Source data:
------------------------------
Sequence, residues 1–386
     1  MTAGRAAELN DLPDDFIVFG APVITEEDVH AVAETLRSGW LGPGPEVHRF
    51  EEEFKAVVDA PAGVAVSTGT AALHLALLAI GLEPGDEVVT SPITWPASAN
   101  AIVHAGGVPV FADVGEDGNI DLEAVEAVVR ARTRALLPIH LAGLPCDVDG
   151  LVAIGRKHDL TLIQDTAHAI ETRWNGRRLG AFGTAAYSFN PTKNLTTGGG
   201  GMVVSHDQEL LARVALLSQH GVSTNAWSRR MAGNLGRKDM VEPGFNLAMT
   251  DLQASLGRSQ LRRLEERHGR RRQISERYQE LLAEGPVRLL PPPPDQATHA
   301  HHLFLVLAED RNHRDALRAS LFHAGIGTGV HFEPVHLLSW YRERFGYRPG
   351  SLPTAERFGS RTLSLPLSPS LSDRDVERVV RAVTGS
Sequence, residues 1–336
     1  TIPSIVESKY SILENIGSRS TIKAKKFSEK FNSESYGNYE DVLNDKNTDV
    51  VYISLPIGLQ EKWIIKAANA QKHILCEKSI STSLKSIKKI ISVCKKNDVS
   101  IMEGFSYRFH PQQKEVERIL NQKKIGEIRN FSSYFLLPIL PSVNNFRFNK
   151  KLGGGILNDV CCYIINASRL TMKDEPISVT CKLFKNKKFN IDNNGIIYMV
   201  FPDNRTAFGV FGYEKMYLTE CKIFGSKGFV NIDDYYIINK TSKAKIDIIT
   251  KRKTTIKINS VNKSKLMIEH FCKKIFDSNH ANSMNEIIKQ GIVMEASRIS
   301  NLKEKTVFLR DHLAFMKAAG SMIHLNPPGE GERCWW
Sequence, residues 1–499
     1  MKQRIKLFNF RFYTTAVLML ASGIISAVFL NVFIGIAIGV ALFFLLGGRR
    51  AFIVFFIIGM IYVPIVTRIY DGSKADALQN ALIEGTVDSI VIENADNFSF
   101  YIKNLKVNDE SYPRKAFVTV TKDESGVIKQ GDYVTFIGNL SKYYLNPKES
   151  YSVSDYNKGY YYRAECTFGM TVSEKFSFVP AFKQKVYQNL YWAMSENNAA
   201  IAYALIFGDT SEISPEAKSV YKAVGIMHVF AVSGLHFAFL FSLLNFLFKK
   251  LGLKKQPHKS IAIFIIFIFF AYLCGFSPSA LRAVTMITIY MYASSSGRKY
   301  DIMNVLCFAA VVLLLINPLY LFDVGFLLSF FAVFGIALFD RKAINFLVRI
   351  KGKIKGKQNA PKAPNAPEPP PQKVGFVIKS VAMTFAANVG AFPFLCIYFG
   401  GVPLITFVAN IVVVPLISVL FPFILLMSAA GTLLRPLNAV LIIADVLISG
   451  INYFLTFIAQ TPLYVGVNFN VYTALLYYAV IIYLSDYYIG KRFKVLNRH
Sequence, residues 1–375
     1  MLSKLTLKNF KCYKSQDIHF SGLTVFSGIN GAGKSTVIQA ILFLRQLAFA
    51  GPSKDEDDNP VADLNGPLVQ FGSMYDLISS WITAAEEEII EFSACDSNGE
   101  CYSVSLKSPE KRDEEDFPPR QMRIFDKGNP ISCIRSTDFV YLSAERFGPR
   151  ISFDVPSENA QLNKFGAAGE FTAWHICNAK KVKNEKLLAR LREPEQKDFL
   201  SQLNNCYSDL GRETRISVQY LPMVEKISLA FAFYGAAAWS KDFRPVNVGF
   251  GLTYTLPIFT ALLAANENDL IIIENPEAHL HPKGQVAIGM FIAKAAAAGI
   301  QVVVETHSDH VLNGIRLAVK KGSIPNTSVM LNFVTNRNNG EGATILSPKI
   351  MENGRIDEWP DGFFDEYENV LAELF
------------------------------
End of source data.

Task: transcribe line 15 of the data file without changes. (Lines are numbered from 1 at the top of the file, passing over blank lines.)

   201  FPDNRTAFGV FGYEKMYLTE CKIFGSKGFV NIDDYYIINK TSKAKIDIIT